Article Justice

A Quest for Truth as a Continuous Motion to Reconsider

“Imagination is more important than knowledge.
For knowledge is limited, whereas imagination encircles the world.” Albert Einstein

Wisdom is a living stream, not an icon preserved in a museum. Only when we find the spring of wisdom in our own life can it flow to future generations.” Thich Nhat Hanh

For six years as a young adult, I served as a trial judge. While a naïve, idealistic public servant, I cultivated an affinity for truth within a variety of cases. My path to truth was my oath of office. I swore in witnesses to tell the “whole truth” and became devoted to identifying what it was. Looking back, I see truth-seeking as an acquired orientation to life. Truth is not an achievement in which to take pride but a gift for which to be grateful. Ready receptivity to truth is a practice that leads to mastery through unity with the Source of Truth. Reflection, meditation, contemplation and communion are ever-deepening phases of the unifying process.  

Eventually I discovered my most intense devotion to truth within the emotional pressure cooker of contested child custody cases, where the standard “best interests of children” governs. What was the mysterious, elusive truth that would free me to make competent decisions on behalf of children? By what process was it discovered? Those questions mattered to me because the welfare of future generations matters to me.

My relationship to truth became not merely objective and intellectual. It became personal and passionate, a marriage of heart and mind. I had to set aside confining intellectualism to encounter truth on its freer terms. Through trials, risk-takings and errors, I mastered a process of listening deeply within myself for an inner voice that guides from a Source not “out there” but “in here.” Even now I write this essay with that voice’s guidance. What is in the “best interests” of my readers for me to write? How can I be most helpful in increasing our collective understanding of Truth and of the process of welcoming It to reveal Itself?

During my tenure as a judge, I learned not to judge but rather to discern. I learned that truth is not “mine” but “ours.” It is both objective and subjective, both in here and out there if we receive it fully and live it gracefully. It is rarely politically expedient or personally convenient.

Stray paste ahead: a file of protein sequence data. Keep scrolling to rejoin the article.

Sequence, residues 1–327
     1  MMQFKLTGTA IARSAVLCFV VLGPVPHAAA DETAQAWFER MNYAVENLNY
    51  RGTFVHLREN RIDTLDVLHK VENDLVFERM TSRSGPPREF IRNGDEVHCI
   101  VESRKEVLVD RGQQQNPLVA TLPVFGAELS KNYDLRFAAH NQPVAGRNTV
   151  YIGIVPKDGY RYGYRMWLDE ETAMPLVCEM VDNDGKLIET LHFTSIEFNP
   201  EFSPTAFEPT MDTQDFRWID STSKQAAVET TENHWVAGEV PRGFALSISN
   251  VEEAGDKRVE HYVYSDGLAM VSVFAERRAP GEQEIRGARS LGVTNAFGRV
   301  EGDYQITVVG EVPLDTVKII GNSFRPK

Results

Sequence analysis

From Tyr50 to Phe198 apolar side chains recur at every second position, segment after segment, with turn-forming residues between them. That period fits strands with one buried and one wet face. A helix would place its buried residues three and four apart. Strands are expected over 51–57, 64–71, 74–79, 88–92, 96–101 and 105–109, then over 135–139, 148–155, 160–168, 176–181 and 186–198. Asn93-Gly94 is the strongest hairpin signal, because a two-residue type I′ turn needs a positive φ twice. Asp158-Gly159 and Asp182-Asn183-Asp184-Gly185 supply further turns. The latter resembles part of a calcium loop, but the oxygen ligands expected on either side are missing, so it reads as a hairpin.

Allowing truth to be revealed to us is a collaborative process akin to the sensitive receptivity to signals from the Universe achieved by the Allen Telescope Array for SETI research. In his own investigation of truth, I suspect that Einstein considered rationally presented input of colleagues in his field as it invigorated the intuitive nature of his inquiries just as I learned to consider the input of professional colleagues as well as lay witnesses in bench trials as it invigorated my inquiries. Since contested child custody cases are tried without juries, the ultimate decision in each was mine. In arriving at my decisions, I did my best to not allow assumptions and previously formed beliefs (my own and those of others) to filter out the possibilities of what truth might turn out to be.  

In the process, I discovered that, if I were to consider my heart’s input helpful, I had to purify my heart of my own grievances and not allow issues from my past or concerns about my future to taint my intuitions. I had to be fully, innocently present in Truth’s eternal “now” and focus there for the children’s sake. Moreover, I had to risk announcing decisions publicly and later take into account feedback presented in motions to reconsider filed publicly by those who disagreed. To point out “truth,” I stuck my neck out.